I'd planned to post on Your Secret Name yesterday, but I ended up working a long day and just didn't have it in me once I finally got a break. So here we are, a day late.
Today I’ll be writing about Chapters 5, 6, and 7 of Kary Oberbrunner’s Your Secret Name as part of Marla Taviano’s read-along.
Oberbrunner begins Chapter 5 with the question of “Who am I?” and soon gets to his theme that, “on some level, we’re all imposters” (60). Why is this? Because, not knowing who we really are (i.e., not knowing the Secret Name God has for us), “we all wear a certain set of masks” (60). He goes on to say that “many of us wear our masks far too frequently—and we’ve lost touch with our potential for who God created us to be.” I thought there was a lot of truth in that statement. At some point, if we wear them long enough, the masks cease to feel like masks at all.
Chapter 5 soon becomes confessional, with Oberbrunner writing about how he became a cutter (a person who cuts his own flesh as a form of self-injury)—and, in his words, an imposter, pretending to be everything he wasn’t. And then he switches to the Jacob/Esau story and makes the parallel of how Jacob was also an imposter, pretending to be Esau so he could get Esau’s blessing from their father.
In chapter 6, after writing about the dehumanizing nature of namelessness, Oberbrunner returns to the Jacob/Esau story. Then he moves to Satan’s rebellion against God and subsequent expulsion from heaven, and then to Adam and Eve’s attempt, under Satan’s influence, to unsuccessfully “buy” their Secret Names. Next, he moves back to his own life and his cutting, and how he had something of a breakdown (which was bad) and was able to begin getting help (which was good). Then he goes back to Jacob and Esau, where Rebekah, to save her favorite son’s skin, has Isaac send him away to Paddam Aram.
Honestly, I found chapter 6 a little disjointed. While Oberbrunner’s own story is compelling, the switching around from story to story made this chapter a little hard to follow.
In Chapter 7, Oberbrunner write about three “heartbreaks” he got his senior year of high school:
- He lost his sense of identity when a mugging left him injured and unable to wrestle for the school team. (Wrestling had become kind of an identity for him.)
- He lost his sense of acceptance when a stuttering problem resurfaced at play practice and he dropped out of the school play.
- He lost his sense of independence when his Trek mountain bike was stolen.
Then he goes back to Jacob, who, he writes, was also stripped of his identity, acceptance, and independence. Oberbrunner then tells the story of Jacob’s stairway dream, and how God promises him all the things He will do for him—and how Jacob’s attitude begins to change after that.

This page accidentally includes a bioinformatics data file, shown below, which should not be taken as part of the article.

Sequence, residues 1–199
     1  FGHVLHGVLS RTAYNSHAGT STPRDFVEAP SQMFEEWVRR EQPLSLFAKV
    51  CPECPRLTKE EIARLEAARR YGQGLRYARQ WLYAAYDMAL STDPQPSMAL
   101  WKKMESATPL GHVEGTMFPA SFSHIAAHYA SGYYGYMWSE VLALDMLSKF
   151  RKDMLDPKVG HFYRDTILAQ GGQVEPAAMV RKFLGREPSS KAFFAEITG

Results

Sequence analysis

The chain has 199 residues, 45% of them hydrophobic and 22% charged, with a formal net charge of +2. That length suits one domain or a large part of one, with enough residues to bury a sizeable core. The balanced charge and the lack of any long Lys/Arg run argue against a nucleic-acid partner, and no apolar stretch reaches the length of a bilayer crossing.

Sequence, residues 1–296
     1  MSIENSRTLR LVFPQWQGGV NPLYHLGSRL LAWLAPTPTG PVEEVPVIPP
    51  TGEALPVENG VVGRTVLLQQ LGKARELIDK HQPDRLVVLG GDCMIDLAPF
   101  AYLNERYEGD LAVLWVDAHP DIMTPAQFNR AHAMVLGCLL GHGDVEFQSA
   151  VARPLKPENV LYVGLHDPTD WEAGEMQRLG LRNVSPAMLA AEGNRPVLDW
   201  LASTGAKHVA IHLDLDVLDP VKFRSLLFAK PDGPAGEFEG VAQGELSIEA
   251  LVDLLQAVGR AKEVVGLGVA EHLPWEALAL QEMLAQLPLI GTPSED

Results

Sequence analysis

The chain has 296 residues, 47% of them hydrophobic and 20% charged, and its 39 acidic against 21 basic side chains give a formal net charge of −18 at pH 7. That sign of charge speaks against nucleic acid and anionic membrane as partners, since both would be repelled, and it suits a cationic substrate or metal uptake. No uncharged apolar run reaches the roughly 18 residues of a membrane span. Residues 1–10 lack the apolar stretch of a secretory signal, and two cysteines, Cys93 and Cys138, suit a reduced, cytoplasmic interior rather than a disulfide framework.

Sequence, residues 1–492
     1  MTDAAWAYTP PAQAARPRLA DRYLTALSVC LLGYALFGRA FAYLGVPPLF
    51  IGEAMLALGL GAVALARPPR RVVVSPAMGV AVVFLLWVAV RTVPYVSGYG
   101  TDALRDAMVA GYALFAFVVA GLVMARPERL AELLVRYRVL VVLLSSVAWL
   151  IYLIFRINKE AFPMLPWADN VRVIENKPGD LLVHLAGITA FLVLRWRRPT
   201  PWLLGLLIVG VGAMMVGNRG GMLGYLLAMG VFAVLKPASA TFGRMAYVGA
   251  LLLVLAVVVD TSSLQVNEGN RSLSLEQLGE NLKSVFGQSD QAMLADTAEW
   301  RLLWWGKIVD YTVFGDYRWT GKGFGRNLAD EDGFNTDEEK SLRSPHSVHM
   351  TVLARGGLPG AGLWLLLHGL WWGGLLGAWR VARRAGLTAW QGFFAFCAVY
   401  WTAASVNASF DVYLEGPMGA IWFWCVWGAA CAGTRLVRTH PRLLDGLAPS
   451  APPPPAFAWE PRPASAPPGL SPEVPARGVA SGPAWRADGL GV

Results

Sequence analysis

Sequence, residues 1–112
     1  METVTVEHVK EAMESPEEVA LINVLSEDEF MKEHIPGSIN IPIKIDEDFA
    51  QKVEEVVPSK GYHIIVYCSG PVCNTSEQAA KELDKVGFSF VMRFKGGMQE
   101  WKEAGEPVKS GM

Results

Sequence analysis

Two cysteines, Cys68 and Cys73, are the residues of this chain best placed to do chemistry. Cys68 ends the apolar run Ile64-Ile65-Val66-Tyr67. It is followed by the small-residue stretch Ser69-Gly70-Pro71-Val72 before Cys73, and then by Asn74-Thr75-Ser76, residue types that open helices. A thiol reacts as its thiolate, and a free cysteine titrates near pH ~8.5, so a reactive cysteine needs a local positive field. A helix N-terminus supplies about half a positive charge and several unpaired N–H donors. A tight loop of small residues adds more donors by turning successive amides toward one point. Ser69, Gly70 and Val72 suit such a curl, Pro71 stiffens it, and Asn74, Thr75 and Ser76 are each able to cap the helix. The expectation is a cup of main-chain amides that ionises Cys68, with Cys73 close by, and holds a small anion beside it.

For this blog post, I began to write about how I could understand a lot of what Oberbrunner was going through, and began (again) to tell my story of a particularly painful time in my life, back in my late teens and early twenties. But then, three pages in, I realized that, as with my last post (which I deleted), my story isn’t one I want to tell publicly, as it would hurt too many people involved. So all I can say for now is that I could identify with Oberbrunner’s struggles as I read about them, as some of my experiences were similar. And that I admire him for having to courage to share his story publicly.
After writing about Jacob’s dream of the stairway, Oberbrunner writes, “This tends to be the pattern. We get a tiny peek at what could be—the possible—while taking a vacation from what is—the actual.” (90) And later, “Yet for the moment we must be content to simply understand where we are and how far we must travel in order to arrive at our destination.”
That is certainly true, and something I’ve been thinking about lately. I feel like I’ve recently gotten that tiny peek at what could be, and I’m currently in a holding pattern, thinking about how to prepare for the journey.
I also liked this quote:
“God presents our Secret Name in snippets for fear of information overload; the more we envision our new name, the more we want it. The hope is that such a glance, however brief, will inspire us to get on the path of discovering who we were created to be.”
It reminded me of Mark 8:25, which I encountered while doing a word-search on the word restore (since it’s my word for the year). Here’s the whole story:
“They came to Bethsaida, and some people brought a blind man and begged Jesus to touch him. He took the blind man by the hand and led him outside the village. When he had spit on the man’s eyes and put his hands on him, Jesus asked, “Do you see anything?” He looked up and said, “I see people; they look like trees walking around.”
“Once more Jesus put his hands on the man’s eyes. Then his eyes were opened, his sight was restored, and he saw everything clearly.”
I always thought it odd that Jesus couldn’t heal the man the first time around, but then I've read that maybe it was necessary that the man get only a glimpse first. Maybe going from utter blindness to full sight would be too much to handle in one step. Maybe a slow transition is necessary. And maybe I just need to sit and wait and be content with glimpses of restoration I’m getting now, knowing that there is more to come.
As he ends Chapter 6, Oberbrunner doesn’t go into detail about how to get on that path, yet; maybe that’s what he does in the next chapter. I’ll be writing my thoughts on Chapters 8 and 9 here next Tuesday. Meanwhile, hop on over to Marla’s blog if you’d like to read others’ thoughts (from yesterday!) on the chapters I've covered today.